“Merry Christmas and Happy New Year from the Israeli Ministry of Tourism” says the sign that currently greets visitors to Bethlehem. It is a bit ironic, given its location next to checkpoints manned by armed soldiers wearing bulletproof vests.
How does one deal with such a siege? With a sense of humor: A cartoon now circulating on the Internet features a confused Santa Claus standing before the huge wall that bars the way to Bethlehem and mumbling “This thing isn’t on my maps.” Another cartoon shows the family of Baby Jesus, riding a donkey, being stopped by soldiers who want to search their possessions.
This was the feeling during the Christian festival of light, the holiday of renewal and optimism: a sense of siege in a city that is cut off from its surroundings by walls and checkpoints, with no one entering or leaving. A simple question to passersby about how to get to the Church of the Nativity prompted some bitterness from one: “You prohibit us from leaving the city, I can’t even travel to Jerusalem, and you Israelis roam around here freely and want to visit the churches!” She was raising her voice a bit, and we could only agree that her anger was justified.
Bethlehem’s isolation, which has led to economic hardship, a water shortage and real poverty, also has another side: Its society is homogeneous, so it doesn’t suffer from the kind of violence that erupts, for instance, in East Jerusalem, where a large army and police presence and Jewish enclaves in the heart of Arab neighborhoods inflame the situation, and where a quiet population transfer is constantly taking place through various means.
The holiday season has brought Bethlehem an upsurge in tourism. The tourists usually come by bus for a quick daytime visit, rather than staying there and developing some relationship with the city’s life; they take a quick peek at the holy sites, buy some souvenirs and leave. Still, this traffic injects some life into Bethlehem and helps its residents earn a living.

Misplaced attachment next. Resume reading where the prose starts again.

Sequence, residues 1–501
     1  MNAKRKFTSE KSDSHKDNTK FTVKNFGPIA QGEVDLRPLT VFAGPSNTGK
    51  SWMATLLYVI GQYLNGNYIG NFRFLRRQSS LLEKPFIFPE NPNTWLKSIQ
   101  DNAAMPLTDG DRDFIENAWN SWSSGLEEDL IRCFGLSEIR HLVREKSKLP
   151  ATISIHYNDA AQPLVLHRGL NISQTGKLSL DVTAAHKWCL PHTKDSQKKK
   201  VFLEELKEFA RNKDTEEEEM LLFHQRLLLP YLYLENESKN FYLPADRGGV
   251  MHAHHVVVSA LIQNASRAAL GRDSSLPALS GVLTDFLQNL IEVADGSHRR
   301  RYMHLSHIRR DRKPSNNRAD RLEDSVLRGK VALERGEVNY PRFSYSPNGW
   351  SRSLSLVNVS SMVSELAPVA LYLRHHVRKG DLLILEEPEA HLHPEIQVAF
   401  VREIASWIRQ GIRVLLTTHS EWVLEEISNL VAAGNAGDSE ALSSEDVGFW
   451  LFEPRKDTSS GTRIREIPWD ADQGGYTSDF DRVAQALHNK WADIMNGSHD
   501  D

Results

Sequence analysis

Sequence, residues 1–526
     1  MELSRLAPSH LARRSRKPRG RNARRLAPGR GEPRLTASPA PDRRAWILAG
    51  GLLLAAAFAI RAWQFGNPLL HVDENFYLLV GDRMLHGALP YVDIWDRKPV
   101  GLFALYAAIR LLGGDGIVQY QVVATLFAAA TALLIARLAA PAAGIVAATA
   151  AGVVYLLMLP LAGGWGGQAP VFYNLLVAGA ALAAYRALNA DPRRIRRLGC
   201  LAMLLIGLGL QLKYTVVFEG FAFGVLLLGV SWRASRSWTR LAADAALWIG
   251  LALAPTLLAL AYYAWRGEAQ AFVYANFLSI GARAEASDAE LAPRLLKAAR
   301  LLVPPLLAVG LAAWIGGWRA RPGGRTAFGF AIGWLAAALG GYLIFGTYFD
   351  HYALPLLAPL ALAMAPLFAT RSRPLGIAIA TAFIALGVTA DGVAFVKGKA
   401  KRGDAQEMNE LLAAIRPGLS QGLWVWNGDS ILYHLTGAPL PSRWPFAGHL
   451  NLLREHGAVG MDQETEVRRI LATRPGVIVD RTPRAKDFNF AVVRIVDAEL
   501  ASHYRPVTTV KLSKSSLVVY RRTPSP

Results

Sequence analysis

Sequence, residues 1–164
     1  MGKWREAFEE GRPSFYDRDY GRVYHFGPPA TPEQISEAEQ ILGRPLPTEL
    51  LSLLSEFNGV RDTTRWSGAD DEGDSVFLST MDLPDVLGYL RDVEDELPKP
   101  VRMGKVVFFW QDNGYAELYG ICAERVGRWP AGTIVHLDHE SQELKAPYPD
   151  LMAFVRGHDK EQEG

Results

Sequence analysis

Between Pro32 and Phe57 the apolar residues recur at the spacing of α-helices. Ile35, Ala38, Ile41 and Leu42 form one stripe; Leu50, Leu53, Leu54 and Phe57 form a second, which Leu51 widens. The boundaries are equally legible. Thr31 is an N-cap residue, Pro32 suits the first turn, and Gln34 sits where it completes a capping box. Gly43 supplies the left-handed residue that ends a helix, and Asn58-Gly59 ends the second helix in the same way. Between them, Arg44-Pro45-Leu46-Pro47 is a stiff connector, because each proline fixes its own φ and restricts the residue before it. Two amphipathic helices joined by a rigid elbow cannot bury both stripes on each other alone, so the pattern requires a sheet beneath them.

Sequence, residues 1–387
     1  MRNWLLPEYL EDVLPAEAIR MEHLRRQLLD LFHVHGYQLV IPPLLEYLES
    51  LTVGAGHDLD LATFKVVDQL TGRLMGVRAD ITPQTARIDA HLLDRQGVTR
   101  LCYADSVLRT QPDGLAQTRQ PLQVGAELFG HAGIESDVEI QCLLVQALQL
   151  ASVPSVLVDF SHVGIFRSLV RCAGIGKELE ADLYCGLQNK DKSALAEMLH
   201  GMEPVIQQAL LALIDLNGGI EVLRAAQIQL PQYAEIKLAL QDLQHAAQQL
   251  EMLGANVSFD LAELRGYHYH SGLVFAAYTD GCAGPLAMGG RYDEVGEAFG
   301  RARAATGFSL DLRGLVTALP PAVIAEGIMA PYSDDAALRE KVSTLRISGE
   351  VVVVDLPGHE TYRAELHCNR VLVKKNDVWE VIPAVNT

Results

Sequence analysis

Two days before the big event that is broadcast around the world and attracts thousands of pilgrims – Midnight Mass on Christmas Eve at the Church of the Nativity, located at the site of Jesus’ birthplace – the church hosts a festive annual concert, the “Concert for Life and Peace.” This year was the 11th such concert in the Holy Land, but this time, it was different, in part because of changing perceptions about music’s role promoting peace.
Until now, the Association for Life and Peace, an Italian philanthropic organization, had held the concert on both sides of the Green Line: in Jerusalem, usually at Binyanei Ha’uma, and in Bethlehem. Both concerts were broadcast to Italy on the Italian national channel, RAI, which also broadcast this year’s event.
But this year, the symmetry was canceled, at the Palestinians’ request: They objected to the misleading message sent to the rest of the world by broadcasting both concerts as a single unit – as if there were equality between free Jerusalem and occupied Bethlehem, as if people from both cities could come and listen to both concerts without restriction, as if the music were bridging the gap between two equal parties who just happen to be engaged in a conflict. The association deferred to the Palestinians’ wishes and canceled the concert in Jerusalem.
Passing the baton
The second major difference about this year’s event was the orchestra that tuned its instruments ahead of last week’s concert in the beautiful church: Unlike the Italian orchestras that performed in previous years, this time, the orchestra was comprised of Palestinian musicians – a sign of the dramatic musical process Palestinian society has made over the last two decades.